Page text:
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CPF members must abide by a code of conduct

The Boksburg North SAPS reminds the community that the CPF must adhere to a code of conduct and have to abide by regulations in accordance with their functions.

15 June 2011 | Riaan Engelbrecht

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In light of the recent arrest of Herman Heunis, chairperson of the Brakpan/Boksburg Community Policing Forum Cluster, the Boksburg North SAPS reminds the community that the CPF must adhere to a code of conduct and have to abide by regulations in accordance with their functions.

According to Const Cathy Meyer, of the Boksburg North SAPS, it is essential for the public to be aware of the code of conduct in regard to the community's involvement in fighting crime.

"Chapter 7, Section 18 to 23 of the South African Police Service Act 68 refers to the objects of community policing forums and boards, their establishment and procedures to be followed by these bodies.

"It focuses on establishing and maintaining a partnership between the community and the SAPS, promoting communication and co-operation between the two components and improving transparency and service delivery in the SAPS."

According to Meyer, the rules and regulations of this chapter stipulate that no patroller or CPF member may conduct any stop and search action unless under the direct supervision, command and control of a police officer present during an operation executed.

According to the code of conduct, members of the CPF shall not abuse their positions to bring the CPF and its sub structures into disrepute.

Any member who contravenes the code of conduct, CPF Constitution or directives can also be dealt with in accordance with the disciplinary process and may be suspended pending a disciplinary hearing.

Other important regulations (revised) when it comes to the duties of the CPF member are as follows:

  • Carry out observations in the area of deployment.
  • Refer victims of crime.
  • Report criminal activities.
  • Work closely with local police, particularly the relevant sector team.
  • Advise on home safety, assist with crime prevention and reduction of opportunities of crime.
  • Serve as a source of information for the law enforcement agencies.
  • Contribute in conflict resolution.
  • Being only the eyes and the ears o the police.
  • who commits or attempts to commit in his presence [the one making the arrest] or whom he reasonably suspects of having committed an offence referred to in Schedule 1;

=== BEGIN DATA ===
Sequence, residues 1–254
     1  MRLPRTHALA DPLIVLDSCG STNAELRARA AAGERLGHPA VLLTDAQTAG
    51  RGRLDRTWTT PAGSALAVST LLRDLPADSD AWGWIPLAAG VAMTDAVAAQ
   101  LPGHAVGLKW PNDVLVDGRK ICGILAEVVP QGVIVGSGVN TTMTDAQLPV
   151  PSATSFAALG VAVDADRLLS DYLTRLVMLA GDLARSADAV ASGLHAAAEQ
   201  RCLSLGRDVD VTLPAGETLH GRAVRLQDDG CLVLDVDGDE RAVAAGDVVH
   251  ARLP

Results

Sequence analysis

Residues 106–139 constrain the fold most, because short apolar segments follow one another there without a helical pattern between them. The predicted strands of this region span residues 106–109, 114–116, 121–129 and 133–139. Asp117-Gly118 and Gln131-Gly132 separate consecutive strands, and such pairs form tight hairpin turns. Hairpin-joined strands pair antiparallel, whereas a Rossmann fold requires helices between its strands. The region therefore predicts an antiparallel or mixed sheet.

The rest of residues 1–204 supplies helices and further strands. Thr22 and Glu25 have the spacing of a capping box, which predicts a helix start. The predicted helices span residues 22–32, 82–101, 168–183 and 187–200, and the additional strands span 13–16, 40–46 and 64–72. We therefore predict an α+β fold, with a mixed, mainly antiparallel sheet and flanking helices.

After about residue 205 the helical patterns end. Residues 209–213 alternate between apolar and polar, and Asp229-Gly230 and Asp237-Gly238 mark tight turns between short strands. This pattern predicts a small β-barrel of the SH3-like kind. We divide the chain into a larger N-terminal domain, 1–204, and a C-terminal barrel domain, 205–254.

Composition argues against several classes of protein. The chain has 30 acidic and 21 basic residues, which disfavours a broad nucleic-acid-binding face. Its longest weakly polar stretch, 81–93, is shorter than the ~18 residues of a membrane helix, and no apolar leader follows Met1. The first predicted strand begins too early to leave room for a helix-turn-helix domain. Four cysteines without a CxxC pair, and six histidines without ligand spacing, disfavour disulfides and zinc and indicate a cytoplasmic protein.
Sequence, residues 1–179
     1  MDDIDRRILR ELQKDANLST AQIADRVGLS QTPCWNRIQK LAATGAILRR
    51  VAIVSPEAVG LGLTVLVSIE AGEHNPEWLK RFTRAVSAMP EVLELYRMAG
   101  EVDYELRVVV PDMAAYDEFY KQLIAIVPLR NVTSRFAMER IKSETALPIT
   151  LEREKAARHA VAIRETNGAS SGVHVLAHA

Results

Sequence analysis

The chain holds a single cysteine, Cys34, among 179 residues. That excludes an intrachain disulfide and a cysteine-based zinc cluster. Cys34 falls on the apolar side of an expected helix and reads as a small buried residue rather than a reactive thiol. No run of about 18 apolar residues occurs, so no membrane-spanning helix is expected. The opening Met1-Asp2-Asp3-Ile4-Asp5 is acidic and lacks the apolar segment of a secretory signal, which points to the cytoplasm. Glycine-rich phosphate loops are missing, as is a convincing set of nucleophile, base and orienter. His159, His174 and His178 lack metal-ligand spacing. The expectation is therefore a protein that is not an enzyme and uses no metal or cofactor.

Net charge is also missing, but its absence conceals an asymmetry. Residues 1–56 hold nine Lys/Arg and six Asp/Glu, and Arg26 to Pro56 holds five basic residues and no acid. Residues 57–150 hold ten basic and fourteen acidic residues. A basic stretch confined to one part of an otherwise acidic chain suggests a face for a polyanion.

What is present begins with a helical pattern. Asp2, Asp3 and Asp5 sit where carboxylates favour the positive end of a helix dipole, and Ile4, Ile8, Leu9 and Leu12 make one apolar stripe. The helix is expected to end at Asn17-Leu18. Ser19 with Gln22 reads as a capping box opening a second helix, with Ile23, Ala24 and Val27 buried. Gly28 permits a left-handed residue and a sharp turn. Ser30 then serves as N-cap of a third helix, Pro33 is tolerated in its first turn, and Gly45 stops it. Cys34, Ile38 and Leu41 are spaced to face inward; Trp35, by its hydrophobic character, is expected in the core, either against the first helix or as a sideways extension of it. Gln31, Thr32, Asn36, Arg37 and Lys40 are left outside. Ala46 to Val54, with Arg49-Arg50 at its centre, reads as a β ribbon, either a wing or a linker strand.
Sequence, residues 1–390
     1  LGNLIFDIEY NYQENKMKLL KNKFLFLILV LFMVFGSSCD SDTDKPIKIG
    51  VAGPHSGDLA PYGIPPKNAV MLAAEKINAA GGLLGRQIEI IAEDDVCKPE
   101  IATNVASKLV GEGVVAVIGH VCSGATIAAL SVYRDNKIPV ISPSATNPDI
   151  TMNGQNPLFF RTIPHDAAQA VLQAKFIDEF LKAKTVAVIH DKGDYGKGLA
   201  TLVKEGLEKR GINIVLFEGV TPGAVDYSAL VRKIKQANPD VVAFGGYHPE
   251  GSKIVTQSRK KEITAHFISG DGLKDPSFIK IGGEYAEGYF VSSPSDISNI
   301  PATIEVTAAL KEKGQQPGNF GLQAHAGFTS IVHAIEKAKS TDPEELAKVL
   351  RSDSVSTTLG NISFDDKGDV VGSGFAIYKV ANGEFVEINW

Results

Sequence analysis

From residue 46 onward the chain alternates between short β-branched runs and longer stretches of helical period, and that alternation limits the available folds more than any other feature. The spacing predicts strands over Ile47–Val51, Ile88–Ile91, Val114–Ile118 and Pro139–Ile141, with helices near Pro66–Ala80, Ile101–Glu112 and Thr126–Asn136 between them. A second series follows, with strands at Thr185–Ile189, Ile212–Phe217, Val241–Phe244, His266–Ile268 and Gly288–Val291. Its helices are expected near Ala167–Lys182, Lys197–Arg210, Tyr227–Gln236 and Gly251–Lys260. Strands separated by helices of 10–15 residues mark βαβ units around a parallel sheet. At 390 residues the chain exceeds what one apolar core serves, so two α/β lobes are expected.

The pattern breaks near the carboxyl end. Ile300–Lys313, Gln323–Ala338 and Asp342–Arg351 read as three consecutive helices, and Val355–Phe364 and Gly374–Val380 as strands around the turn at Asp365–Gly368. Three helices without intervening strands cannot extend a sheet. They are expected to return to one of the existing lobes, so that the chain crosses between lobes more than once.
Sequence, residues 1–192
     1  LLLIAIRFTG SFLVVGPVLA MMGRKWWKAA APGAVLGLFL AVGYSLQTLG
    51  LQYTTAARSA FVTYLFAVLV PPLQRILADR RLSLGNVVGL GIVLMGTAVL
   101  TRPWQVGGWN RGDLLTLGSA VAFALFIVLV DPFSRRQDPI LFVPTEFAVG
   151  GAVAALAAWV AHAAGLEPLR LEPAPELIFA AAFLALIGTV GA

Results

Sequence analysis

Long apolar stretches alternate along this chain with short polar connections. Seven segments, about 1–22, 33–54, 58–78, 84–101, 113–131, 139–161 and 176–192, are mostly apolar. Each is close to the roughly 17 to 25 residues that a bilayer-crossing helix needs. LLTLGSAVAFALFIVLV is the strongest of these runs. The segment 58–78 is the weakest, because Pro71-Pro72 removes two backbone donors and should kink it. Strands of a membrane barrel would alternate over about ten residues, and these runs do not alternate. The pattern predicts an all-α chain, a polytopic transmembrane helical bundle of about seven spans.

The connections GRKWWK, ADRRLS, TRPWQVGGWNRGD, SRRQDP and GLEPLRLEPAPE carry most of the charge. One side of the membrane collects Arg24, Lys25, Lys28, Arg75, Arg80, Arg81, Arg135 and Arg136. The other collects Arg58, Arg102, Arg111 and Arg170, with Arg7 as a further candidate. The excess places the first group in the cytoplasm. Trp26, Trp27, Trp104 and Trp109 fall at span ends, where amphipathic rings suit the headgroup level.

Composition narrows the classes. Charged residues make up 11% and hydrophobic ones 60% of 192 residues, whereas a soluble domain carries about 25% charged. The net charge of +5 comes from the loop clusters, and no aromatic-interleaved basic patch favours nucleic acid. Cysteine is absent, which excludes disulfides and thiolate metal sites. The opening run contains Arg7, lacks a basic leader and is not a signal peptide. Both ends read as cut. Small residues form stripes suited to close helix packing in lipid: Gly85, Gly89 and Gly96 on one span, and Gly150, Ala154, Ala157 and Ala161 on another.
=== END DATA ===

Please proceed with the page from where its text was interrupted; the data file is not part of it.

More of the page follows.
• whom he reasonably believes to have committed any offence and to be escaping from and to be freshly pursued by a person whom such private person reasonably believes to have authority to arrest that person for that offence;
  • whom he is by any law authorised to arrest without warrant in respect of any offence specified in that law;
  • whom he sees engaged in an affray.
  • Any private person who may without warrant arrest any person may forthwith pursue that person, and any other private person to whom the purpose of the pursuit has been made known, may join and assist therein.
  • The owner, lawful occupier or person in charge of property on or in respect of which any person is found committing any offence, and any person authorised thereto by such owner, occupier or person in charge, may without warrant arrest the person so found.
  • Members must not use any abusive language or make sexist or racist remarks.
  • Members of the SAPS working with the CPF shall behave and act in a manner that promotes community police relations and, if such members are expected to carry out duties which will enable the CPF to perform its function, do so without fail.
  • Members of the CPF must declare any conflict of interest and not participate in matters where there is a conflict of interest.
  • Members must behave in a diplomatic, professional, controlled and dignified manner when dealing with each other and with the general public.
  • CPF members and members of the service shall not be actively involved in matters whilst under the influence of liquor, drugs and all other illegal, intoxicating substances.

When it comes to an arrest by a private person without a warrant, the Criminal Procedure Act 51 of 1977 provides key guidelines.

Any private person may, without warrant, arrest any person under the following circumstances: Anyone

According to the code of conduct (revised), when it comes to the CPF, the following applies:

  • Members of the CPF and its structures shall not promote any party politics when dealing with CPF matters.
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